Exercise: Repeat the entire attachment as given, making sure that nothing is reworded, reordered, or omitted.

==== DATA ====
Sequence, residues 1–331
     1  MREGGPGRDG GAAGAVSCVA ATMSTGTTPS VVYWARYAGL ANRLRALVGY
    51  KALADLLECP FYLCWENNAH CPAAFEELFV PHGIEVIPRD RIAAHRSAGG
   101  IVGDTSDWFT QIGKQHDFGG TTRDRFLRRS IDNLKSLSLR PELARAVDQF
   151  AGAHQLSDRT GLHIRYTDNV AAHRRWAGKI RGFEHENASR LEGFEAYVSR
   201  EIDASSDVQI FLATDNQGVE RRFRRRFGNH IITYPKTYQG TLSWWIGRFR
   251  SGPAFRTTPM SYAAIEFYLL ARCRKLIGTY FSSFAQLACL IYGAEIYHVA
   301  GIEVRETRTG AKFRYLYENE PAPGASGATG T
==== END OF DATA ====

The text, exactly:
Sequence, residues 1–331
     1  MREGGPGRDG GAAGAVSCVA ATMSTGTTPS VVYWARYAGL ANRLRALVGY
    51  KALADLLECP FYLCWENNAH CPAAFEELFV PHGIEVIPRD RIAAHRSAGG
   101  IVGDTSDWFT QIGKQHDFGG TTRDRFLRRS IDNLKSLSLR PELARAVDQF
   151  AGAHQLSDRT GLHIRYTDNV AAHRRWAGKI RGFEHENASR LEGFEAYVSR
   201  EIDASSDVQI FLATDNQGVE RRFRRRFGNH IITYPKTYQG TLSWWIGRFR
   251  SGPAFRTTPM SYAAIEFYLL ARCRKLIGTY FSSFAQLACL IYGAEIYHVA
   301  GIEVRETRTG AKFRYLYENE PAPGASGATG T